Cpl. Frank Dayhoff, the lead detective in the case for the Howard County Police Department, testified that an autopsy on Mrs. Harney's body determined that she died from multiple gunshot wounds and blunt-force trauma, most likely caused by being struck and dragged by a car.

Corporal Dayhoff testified that he arrived at the house after other officers and about an hour after Mr. Helmbold dialed 911 to report the shooting.

The detective found blood at the end of the driveway and blood smears in the master bedroom and foyer and on the front door.

Corporal Dayhoff said Mr. Helmbold identified Mr. Harney as the assailant and police started to look for him.

Investigators searched Mr. Harney's apartment, finding a receipt for a Smith & Wesson handgun dated Dec. 14, a box of ammunition with five bullets missing, and papers for reservations at a hotel in Orlando, Fla., for Dec. 28, Corporal Dayhoff said.

Police then notified law-enforcement agencies throughout the country to be on the lookout for Mr. Harney and his sons, Corporal Dayhoff said.

Detectives also notified security officials at Walt Disney World and at several airlines serving Orlando, he said. They tracked the use of Mr. Harney's credit and banking cards along Interstate 95.

"We pursued these avenues with little success," Corporal Dayhoff said. "We knew he was there, but the FBI and local police were unsuccessful in locating him."

The police department then turned to producers of the television crime show "America's Most Wanted," asking that it to broadcast a segment on the case, the detective said. That segment was to air the night of Jan. 7.

That evening, Corporal Dayhoff testified, he was visiting Mr. Harney's parents in McLean, Va., when he learned by telephone that a woman in North Carolina had recognized Mr. Harney in an advertisement for the TV show. She told authorities that she had interviewed Mr. Harney for a job and gave police his address at a Charlotte hotel, he said.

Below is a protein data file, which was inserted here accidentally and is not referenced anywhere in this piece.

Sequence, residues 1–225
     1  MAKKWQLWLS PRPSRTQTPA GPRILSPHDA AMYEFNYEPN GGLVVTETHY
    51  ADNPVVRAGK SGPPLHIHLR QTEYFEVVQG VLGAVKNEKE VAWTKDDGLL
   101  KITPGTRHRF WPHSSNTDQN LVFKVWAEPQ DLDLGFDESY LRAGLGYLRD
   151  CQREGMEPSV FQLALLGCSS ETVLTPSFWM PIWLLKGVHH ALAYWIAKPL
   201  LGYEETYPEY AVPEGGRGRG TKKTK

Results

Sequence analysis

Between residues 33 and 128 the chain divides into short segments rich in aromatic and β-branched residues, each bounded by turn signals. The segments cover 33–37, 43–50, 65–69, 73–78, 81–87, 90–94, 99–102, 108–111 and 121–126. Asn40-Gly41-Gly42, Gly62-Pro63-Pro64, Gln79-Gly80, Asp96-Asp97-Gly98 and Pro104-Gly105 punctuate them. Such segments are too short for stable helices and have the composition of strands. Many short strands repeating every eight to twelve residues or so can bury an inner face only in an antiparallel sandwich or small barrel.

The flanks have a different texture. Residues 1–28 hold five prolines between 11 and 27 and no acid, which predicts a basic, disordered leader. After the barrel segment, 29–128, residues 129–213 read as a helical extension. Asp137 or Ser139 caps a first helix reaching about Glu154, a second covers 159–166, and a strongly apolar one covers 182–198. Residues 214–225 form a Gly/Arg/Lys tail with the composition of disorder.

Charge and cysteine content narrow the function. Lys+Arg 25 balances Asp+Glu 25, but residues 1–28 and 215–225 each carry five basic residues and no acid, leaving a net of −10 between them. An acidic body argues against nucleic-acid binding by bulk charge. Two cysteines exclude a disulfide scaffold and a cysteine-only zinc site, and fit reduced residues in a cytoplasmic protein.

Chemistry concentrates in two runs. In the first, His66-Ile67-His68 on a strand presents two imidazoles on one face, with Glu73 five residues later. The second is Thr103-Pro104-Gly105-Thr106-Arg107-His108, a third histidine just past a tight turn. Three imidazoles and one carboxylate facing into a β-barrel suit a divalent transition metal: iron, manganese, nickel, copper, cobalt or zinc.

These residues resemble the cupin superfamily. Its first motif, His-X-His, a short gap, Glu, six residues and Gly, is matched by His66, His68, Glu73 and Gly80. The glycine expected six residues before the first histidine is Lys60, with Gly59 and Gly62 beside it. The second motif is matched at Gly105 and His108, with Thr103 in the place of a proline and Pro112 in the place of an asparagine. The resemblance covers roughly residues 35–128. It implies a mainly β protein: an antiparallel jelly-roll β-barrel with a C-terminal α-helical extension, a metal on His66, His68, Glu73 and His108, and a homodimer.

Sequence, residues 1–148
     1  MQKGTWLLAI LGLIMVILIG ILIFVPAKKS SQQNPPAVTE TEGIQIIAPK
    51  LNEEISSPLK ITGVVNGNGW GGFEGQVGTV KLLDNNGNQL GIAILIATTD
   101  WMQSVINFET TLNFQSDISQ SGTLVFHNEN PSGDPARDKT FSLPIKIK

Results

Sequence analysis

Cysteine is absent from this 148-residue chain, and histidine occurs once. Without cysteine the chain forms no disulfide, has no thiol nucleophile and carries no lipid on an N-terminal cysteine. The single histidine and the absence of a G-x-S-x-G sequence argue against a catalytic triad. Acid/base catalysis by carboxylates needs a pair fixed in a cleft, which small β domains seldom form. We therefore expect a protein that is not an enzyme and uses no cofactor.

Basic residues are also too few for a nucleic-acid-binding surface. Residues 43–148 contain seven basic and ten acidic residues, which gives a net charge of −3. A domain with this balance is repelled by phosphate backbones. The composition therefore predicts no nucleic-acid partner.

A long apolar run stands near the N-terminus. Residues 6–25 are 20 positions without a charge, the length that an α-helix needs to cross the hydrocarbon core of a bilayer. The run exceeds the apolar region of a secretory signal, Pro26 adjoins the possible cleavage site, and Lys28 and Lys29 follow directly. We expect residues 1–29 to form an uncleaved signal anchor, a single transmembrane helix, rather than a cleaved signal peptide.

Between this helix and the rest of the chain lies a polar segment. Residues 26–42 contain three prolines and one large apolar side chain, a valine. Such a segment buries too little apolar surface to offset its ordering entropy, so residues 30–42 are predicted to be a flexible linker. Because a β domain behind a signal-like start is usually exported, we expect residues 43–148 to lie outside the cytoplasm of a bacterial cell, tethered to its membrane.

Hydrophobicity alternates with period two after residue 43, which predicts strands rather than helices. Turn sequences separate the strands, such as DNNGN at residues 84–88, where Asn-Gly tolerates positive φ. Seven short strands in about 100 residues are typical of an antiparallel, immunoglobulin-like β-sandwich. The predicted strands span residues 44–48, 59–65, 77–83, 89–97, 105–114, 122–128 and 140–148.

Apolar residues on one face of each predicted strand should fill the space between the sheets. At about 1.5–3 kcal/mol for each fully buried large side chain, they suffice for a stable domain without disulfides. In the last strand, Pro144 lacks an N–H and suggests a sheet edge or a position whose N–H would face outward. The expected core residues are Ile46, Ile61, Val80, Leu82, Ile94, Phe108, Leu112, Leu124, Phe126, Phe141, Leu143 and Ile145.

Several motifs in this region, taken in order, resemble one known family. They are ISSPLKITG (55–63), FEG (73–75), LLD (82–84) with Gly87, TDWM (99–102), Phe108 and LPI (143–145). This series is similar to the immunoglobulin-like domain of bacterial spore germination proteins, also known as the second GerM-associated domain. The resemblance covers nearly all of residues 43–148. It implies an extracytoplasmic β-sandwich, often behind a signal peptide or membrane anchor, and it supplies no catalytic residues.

Detective Rock, the North Carolina investigator, testified that detectives were setting up surveillance in the hotel room next to Mr. Harney's when an officer saw a 1987 silver Camry pull into the parking lot.

He confirmed that the sedan's license plate matched Mr. Harney's car. The detective and three others rushed to Mr. Harney and his sons as the three headed to their hotel room, he said. Two detectives stopped the boys, getting them out of the way, while Detective Rock and another officer apprehended Mr. Harney.

During the arrest, Mr. Harney told the officers that he would not resist them, Detective Rock said.

When asked whether he had a gun, Mr. Harney said it was in his car, the officer said, and he then gave Detective Rock the car key and asked officers to call his parents to get his sons.

Mr. Harney refused to answer questions from detectives about the shooting.

But Detective Rock testified that he talked about his sons several times, including just before he was handed over to Howard County police. "He told us he'd like to thank us for taking care of his children . . . and for the professional manner in which we handled the situation."